The New Brooklyn Army Terminal
In Sunset Park, the 98-year-old Brooklyn Army Terminal has been undergoing quiet renovation for 30 years. (When you get to be that old, you're always fretting about being a bother, though everyone's happy to help.) Now, 3,600 people work for 100 companies in 3.1M SF of industrial stacked eight floors high. And BAT isn’t done yet.
We snapped NYCEDC’s Dean Bodnar near the train tracks in the 2.2M SF Building B—yup, trains drove straight into the buildings back in the day (though the train there now is a collection of 1950s LIRR bar carts for show). Over in the 1.8M SF Building A, along the waterfront, the northern third was renovated in 2001, the southern third is being redone as a 500k SF biotech incubator called BioBAT (50k SF is ready), and the middle third of the building awaits funding for renovation and then lease-up.
We also snapped the courtyard from above. The diagonally staggered balconies (at least that’s what they’re used for now) made it easy for cranes to lift goods from the train to different floors. (Now they're a great place to practice parkour.) The roof originally was enclosed in glass, but the cost of maintenance isn’t worth it now that goods aren’t moving through the courtyard, Dean says.
But let’s back up and get some history. Dean tells us 7,000 people built the BAT in just 16 months, delivering it in 1918. It’s designed by Cass Gilbert, who’s better known for the Woolworth Building and US Supreme Court. This is where jeeps, food, machine guns, mail, and Elvis Presley left the US for duty overseas. (It was one of many buildings that Elvis left.) 12,000 soldiers worked there in its heyday. The Army downsized its presence after the Korean War, and the place was decommissioned in 1975. The USPS used it briefly after a fire in a Chelsea Post Office, but by ’81, it was vacant, and the Army sold it to NYC in ’84 for $8M (paid half with cash and half with a grant).
We snapped Buildings B (on the left) and A. Since the City bought the place, the NYCEDC has done $175M of refurbishments, and it's 99% occupied. Blocks of space generally run from 15k SF to 40k (though there are some as small as 5,000), so typically it’s for manufacturers that are graduating from their startup phases, Dean says. Each space is serviced by three freight elevators with 10,000- to 15,000-pound capacities. (At 18 by 14 SF, these babies are bigger than most Manhattan apartments.) Those elevated crosswalks mean a soldier could have driven, say, a box of grenades from the top floor of the far corner of the complex onto a freight elevator and down to the loading dock.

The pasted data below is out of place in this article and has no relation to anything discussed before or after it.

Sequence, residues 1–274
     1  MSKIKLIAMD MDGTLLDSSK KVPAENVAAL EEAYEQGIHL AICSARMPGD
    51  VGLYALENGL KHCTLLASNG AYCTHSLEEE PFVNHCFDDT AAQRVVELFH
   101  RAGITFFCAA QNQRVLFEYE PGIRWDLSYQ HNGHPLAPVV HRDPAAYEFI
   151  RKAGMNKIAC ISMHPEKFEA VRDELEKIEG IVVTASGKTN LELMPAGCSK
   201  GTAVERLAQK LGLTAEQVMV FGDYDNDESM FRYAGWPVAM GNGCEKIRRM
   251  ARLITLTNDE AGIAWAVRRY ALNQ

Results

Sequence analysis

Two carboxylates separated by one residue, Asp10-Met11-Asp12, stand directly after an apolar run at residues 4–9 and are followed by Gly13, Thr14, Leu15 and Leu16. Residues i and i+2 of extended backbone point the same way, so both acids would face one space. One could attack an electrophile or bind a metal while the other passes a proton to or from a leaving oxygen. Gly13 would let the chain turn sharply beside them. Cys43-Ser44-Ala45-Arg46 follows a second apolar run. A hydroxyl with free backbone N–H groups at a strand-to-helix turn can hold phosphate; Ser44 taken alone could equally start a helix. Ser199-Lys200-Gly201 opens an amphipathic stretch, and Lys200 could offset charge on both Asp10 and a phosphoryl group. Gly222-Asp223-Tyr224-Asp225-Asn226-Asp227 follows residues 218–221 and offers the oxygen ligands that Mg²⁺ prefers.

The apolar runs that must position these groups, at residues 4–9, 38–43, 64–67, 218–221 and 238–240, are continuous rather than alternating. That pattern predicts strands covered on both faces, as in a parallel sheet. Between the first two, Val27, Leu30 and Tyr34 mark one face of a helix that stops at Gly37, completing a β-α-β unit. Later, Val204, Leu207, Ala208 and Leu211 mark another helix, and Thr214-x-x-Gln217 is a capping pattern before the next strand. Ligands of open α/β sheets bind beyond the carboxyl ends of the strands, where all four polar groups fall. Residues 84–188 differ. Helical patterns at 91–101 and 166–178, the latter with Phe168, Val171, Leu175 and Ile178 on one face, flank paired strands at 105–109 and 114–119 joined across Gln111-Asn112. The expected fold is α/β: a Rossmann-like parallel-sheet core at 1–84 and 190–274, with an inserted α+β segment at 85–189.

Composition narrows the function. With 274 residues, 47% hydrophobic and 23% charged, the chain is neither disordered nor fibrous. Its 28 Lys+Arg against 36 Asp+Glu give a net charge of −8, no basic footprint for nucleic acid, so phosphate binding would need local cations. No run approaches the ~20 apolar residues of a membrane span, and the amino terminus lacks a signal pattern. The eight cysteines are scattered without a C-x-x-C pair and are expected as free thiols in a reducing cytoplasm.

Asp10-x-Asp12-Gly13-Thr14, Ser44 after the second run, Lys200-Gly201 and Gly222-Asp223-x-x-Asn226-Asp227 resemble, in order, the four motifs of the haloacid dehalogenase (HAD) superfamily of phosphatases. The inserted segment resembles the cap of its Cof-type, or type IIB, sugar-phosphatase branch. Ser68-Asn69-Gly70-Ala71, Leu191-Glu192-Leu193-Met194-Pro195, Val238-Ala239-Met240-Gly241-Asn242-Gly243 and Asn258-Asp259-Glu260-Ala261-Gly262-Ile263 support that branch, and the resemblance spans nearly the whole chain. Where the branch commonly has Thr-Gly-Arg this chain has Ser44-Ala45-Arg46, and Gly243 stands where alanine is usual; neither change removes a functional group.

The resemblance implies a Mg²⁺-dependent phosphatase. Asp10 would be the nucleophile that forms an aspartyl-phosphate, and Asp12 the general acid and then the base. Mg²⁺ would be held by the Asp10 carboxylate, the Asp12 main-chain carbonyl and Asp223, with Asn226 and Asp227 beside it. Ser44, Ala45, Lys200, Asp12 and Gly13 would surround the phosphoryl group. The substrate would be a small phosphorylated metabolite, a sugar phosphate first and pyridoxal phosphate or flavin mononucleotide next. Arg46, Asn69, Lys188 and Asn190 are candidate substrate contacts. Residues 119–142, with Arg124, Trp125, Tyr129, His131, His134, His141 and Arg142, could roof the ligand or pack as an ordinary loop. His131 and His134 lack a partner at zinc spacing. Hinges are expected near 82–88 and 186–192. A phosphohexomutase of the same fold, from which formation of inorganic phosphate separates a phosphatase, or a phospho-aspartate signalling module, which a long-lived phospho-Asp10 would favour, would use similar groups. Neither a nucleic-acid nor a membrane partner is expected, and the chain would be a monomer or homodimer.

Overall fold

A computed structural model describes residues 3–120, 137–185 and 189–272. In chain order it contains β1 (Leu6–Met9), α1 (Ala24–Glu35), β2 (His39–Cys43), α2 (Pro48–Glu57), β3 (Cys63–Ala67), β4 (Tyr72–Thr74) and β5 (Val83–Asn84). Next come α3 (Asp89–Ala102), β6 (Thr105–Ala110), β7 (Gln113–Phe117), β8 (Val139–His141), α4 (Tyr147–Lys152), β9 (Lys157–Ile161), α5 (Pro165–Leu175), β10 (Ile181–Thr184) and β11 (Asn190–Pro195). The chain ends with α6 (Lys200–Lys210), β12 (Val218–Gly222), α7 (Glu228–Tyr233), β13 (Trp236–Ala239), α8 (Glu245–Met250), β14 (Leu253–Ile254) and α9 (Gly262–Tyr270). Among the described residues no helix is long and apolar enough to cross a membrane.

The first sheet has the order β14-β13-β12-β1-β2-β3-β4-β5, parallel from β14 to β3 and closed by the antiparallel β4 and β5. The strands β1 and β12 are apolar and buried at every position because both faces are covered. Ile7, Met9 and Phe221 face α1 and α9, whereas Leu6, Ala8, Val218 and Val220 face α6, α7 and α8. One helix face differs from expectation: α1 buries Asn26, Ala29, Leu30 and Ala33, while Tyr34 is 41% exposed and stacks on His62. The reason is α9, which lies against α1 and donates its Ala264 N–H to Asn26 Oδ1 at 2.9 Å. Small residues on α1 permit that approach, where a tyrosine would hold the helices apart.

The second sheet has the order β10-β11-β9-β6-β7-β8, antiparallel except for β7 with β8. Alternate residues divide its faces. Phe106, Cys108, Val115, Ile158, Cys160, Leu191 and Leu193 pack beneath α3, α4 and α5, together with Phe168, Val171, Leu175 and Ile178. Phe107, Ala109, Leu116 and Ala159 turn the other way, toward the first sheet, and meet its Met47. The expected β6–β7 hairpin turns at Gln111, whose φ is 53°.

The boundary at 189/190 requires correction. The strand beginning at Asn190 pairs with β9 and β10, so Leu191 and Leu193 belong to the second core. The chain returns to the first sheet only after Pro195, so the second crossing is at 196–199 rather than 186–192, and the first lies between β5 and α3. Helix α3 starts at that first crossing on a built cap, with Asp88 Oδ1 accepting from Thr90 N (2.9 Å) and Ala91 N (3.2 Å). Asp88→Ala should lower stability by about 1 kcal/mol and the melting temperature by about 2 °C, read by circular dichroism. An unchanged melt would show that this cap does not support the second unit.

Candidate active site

Among the historical images displayed onsite. Building A runs along the water, and Building B, where we spent most of our time, is inland.
The 55k SF admin building we snapped just secured $15M for its rehab, and the co-gen plant on the waterfront (the stacks) remains to be redone. A laundry center-turned-Ford dealership rounds out the 96-acre complex. Dean tells us even when the remaining 900k SF is fixed up and leased, the job won’t be over. His goal is to produce space that’s affordable and encourages well-paying jobs, and his metric of success is jobs/SF. Just three years ago, the facility employed 1/1,200 SF, and now it’s 1/800. Continuing that progress means transitioning warehouse space to light-industrial.
The specs help, too. Loads of freight elevators (NYCEDC has invested $8M in them so far, and the remaining renovations will double that), 24/7 security, off-street loading docks on both sides, and plenty of off-street parking, including along the pier pictured above nowadays and at far left in the historical drawing three photos up. (That's right New Yorkers, off-street parking is real—not just a fairy tale your grandparents from Connecticut told you.)
Not to mention the view of Lady Liberty across New York Harbor. (From this angle it's hard not to be impressed with how strong her right shoulder must be.)
Among the most recent leases are Riva Jewelry’s 40k SF. After 20 years in LIC, the diamond polisher and cutter (Tiffany is one of its biggest clients) moved and expanded to BAT two months ago and has hired half of its 200 employees since then. Textile company USA Made also took 37k SF for 100 jobs, and pharmaceutical maker Mega-Aid leased 40k SF. Other tenants include Uncommon Goods (80k SF) and the 311 call center.
And then there’s the 40k SF penthouse unit where Jacques Torres is building a state-of-the-art chocolate factory and showroom. It’s not open to the public yet, but we got a sneak peek (we didn't even have to eat 400 candy bars in search of a golden ticket) of the vats of swirling chocolate, the massive fridge, the "I Love Lucy"-style cooling conveyor belt, and these bunnies singing their joy at the approaching Easter holiday. The famed chocolatier, which makes 75 tons of chocolate a year, moved in October from factories in Dumbo and Manhattan’s Hudson Street, where it’s maintaining its stores.